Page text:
Among the six recipients for 2022 is Sabrina Hall, a graduating history major, who won first place in the humanities and fine arts category for her project and senior thesis, “Welfare Reform, It’s What’s for Lunch: How the Black Panther Party’s Free Breakfast Program Changed School Lunch Across America.” Second place for HFA went Emily Searson, also a graduating history major, for her project and senior thesis, “The Computer Got it Wrong: The Cold War Roots of the Racial Biases in Artificial Intelligence.”

In the social sciences, first place went to Taylor Roe, a senior majoring in environmental studies, for her project and senior thesis, “Sea Level Rise Risk Perceptions: Assessing Students at the University of California, Santa Barbara.” Second place was awarded to Ania Ohanesian, a senior economics major, for her project, “Political Ideology and Early Restaurant Avoidance During COVID-19.”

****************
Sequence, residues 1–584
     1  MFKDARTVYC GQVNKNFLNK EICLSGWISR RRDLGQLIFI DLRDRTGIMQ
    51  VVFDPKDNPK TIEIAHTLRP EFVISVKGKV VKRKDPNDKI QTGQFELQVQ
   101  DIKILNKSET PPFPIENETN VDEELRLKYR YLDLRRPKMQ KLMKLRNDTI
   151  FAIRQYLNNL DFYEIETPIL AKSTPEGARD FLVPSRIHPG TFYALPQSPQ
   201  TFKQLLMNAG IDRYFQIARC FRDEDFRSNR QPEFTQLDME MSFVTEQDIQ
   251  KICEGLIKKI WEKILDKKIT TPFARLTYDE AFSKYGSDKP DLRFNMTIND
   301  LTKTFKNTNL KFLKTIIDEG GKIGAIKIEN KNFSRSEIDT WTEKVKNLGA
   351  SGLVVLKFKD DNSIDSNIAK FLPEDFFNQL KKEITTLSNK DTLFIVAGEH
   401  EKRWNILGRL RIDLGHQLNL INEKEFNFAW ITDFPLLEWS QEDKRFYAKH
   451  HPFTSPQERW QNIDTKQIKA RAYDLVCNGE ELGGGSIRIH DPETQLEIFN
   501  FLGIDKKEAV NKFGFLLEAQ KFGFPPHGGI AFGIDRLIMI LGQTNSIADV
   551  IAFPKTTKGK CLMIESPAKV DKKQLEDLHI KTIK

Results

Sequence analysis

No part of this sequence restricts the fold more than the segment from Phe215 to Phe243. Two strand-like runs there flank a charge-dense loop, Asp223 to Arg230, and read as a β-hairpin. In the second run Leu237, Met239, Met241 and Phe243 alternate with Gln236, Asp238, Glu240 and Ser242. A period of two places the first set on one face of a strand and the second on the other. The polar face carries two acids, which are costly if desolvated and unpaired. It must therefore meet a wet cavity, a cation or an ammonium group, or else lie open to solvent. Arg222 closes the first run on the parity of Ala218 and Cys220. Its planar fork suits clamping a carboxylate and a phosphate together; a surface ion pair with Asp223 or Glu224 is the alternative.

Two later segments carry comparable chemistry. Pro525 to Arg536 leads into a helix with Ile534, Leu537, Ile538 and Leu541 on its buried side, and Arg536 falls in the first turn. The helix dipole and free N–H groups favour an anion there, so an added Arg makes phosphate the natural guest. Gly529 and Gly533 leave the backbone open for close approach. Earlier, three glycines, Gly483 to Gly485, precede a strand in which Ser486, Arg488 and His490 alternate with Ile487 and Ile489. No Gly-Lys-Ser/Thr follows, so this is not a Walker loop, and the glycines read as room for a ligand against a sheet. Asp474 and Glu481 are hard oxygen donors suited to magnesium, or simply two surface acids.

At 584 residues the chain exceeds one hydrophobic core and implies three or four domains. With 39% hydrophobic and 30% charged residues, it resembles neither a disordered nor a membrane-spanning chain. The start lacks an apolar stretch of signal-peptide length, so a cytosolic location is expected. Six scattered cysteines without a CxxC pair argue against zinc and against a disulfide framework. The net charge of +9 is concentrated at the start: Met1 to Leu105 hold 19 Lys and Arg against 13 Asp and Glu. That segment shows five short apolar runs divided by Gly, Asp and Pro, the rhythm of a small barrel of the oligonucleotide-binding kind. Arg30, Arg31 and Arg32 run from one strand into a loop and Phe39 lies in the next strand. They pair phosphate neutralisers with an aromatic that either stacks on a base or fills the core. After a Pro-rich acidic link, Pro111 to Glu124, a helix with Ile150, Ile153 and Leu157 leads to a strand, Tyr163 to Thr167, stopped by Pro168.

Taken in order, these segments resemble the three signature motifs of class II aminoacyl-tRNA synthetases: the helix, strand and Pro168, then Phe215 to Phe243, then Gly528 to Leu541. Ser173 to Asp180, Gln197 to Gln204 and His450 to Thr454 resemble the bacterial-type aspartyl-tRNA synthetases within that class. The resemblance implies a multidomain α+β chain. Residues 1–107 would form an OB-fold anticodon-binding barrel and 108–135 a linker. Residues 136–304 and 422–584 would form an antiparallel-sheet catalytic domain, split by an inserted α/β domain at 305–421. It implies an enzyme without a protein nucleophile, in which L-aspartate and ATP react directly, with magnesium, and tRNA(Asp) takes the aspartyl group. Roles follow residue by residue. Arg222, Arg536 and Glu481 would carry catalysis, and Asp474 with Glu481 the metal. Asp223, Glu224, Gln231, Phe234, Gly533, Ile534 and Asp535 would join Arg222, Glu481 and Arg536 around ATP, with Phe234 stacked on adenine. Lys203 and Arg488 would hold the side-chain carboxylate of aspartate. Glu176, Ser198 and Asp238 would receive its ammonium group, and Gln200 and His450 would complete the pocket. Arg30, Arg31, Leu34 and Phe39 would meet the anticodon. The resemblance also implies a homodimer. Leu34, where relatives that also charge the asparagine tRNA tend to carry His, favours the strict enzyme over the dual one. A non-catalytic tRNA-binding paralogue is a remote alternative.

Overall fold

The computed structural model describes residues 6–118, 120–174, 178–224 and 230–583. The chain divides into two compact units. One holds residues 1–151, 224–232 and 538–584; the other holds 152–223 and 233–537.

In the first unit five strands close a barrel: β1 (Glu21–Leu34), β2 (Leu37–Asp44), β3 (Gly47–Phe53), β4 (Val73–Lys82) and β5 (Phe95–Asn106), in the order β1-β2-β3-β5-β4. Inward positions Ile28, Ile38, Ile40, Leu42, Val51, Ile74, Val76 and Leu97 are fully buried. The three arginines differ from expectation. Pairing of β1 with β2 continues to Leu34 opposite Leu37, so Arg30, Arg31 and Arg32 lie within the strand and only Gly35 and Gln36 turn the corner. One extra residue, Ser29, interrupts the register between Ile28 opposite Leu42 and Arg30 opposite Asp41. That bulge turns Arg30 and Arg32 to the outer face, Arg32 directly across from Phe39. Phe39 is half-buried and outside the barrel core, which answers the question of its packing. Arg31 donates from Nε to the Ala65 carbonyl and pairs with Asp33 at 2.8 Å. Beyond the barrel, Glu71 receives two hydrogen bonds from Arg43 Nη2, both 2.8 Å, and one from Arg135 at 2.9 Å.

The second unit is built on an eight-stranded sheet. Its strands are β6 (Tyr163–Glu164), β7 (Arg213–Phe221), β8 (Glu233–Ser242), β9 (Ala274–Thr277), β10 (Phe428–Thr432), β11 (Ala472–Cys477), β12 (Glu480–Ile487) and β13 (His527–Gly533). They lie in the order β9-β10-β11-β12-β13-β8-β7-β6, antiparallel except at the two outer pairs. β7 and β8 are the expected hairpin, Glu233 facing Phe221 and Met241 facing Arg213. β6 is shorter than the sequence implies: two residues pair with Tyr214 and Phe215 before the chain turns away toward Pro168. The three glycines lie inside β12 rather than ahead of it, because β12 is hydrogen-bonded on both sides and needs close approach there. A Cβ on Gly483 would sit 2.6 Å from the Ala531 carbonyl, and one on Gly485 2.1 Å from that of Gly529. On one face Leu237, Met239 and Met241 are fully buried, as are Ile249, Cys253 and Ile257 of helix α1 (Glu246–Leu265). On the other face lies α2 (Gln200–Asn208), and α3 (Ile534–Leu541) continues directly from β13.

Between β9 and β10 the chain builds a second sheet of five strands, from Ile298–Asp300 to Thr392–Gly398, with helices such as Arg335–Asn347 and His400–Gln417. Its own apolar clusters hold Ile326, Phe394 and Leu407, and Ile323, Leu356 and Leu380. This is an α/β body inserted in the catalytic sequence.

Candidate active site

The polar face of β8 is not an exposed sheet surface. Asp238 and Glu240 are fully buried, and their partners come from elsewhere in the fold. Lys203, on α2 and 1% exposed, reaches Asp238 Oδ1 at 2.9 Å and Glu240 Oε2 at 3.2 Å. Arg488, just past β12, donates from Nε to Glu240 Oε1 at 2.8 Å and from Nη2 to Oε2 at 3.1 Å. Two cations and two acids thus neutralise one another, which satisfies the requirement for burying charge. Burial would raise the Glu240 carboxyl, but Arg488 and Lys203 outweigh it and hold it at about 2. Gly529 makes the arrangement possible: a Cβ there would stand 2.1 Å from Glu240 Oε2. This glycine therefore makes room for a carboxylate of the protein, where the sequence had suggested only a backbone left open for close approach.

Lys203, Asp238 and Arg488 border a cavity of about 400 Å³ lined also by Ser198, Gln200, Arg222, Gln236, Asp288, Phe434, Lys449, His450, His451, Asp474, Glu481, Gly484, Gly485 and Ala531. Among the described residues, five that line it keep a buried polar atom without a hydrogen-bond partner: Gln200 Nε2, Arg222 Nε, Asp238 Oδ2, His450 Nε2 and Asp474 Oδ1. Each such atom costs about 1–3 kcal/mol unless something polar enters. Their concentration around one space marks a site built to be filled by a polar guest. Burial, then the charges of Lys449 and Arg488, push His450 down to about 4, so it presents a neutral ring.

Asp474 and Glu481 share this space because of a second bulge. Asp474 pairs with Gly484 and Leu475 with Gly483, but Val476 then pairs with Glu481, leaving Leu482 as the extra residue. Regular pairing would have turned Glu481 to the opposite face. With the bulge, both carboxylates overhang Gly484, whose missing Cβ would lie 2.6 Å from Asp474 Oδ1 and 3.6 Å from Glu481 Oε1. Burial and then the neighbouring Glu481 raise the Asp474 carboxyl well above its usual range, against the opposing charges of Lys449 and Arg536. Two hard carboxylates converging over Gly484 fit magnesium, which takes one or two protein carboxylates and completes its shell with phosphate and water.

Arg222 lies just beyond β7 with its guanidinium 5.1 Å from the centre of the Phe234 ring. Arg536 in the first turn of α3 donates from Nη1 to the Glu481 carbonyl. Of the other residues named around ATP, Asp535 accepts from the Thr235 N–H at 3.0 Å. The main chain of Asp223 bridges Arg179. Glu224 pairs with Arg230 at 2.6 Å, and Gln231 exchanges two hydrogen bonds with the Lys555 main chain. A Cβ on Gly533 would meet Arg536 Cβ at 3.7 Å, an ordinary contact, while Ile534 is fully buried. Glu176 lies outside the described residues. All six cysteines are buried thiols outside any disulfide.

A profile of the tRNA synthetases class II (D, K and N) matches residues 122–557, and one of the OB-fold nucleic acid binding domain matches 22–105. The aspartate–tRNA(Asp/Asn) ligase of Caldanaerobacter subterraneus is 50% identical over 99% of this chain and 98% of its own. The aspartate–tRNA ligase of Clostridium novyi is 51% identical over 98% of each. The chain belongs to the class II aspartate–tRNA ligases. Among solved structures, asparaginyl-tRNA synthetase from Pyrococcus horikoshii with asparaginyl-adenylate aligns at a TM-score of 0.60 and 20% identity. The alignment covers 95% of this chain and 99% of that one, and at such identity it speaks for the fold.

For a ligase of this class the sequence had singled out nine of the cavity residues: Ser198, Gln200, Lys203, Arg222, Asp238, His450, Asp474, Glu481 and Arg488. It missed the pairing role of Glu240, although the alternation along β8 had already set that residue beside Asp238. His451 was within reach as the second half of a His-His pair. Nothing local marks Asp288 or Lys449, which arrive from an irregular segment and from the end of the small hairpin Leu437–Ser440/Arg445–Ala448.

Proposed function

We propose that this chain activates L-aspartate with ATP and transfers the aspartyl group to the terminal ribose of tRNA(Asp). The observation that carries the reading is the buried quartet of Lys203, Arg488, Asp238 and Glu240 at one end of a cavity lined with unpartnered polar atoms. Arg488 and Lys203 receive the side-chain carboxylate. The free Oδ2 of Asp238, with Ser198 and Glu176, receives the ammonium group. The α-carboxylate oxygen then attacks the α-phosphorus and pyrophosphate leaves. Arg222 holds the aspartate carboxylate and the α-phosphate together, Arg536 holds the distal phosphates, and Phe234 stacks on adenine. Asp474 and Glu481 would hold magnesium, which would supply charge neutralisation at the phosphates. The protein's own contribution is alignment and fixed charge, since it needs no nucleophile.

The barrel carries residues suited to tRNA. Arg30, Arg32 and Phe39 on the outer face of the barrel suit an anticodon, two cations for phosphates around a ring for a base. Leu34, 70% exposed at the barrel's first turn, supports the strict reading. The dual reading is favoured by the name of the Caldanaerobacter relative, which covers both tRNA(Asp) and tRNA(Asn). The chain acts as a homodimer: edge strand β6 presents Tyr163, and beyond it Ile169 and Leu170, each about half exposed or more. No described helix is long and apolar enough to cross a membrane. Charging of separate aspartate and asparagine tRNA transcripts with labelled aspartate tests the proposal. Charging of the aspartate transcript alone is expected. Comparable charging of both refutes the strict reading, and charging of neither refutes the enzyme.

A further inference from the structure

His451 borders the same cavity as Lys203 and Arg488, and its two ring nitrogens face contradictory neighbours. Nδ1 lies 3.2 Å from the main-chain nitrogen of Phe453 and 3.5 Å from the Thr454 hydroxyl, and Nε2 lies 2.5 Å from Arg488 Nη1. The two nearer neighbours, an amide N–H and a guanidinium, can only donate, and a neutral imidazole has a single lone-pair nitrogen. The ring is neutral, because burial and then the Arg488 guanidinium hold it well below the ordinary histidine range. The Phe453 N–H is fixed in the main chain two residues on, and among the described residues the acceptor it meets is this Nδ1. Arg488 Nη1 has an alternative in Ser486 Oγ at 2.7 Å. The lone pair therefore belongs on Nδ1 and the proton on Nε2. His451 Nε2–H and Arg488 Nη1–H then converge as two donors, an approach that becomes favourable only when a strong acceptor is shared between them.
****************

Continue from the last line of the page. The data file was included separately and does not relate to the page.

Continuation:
Brina Aceves, a senior in the Department of Molecular, Cellular, and Developmental Biology, won first place in the science and engineering category for the project “Uric Acid Crystal Deposition Leads to Increased Inflammation that Drives Cyst Growth.” Second place in that category was awarded to Chenjia Liu an environmental studies major, for their senior thesis, “Spatial Analysis of Rooftop PV Suitability and Solar Potential of UCSB Campus and Isla Vista.”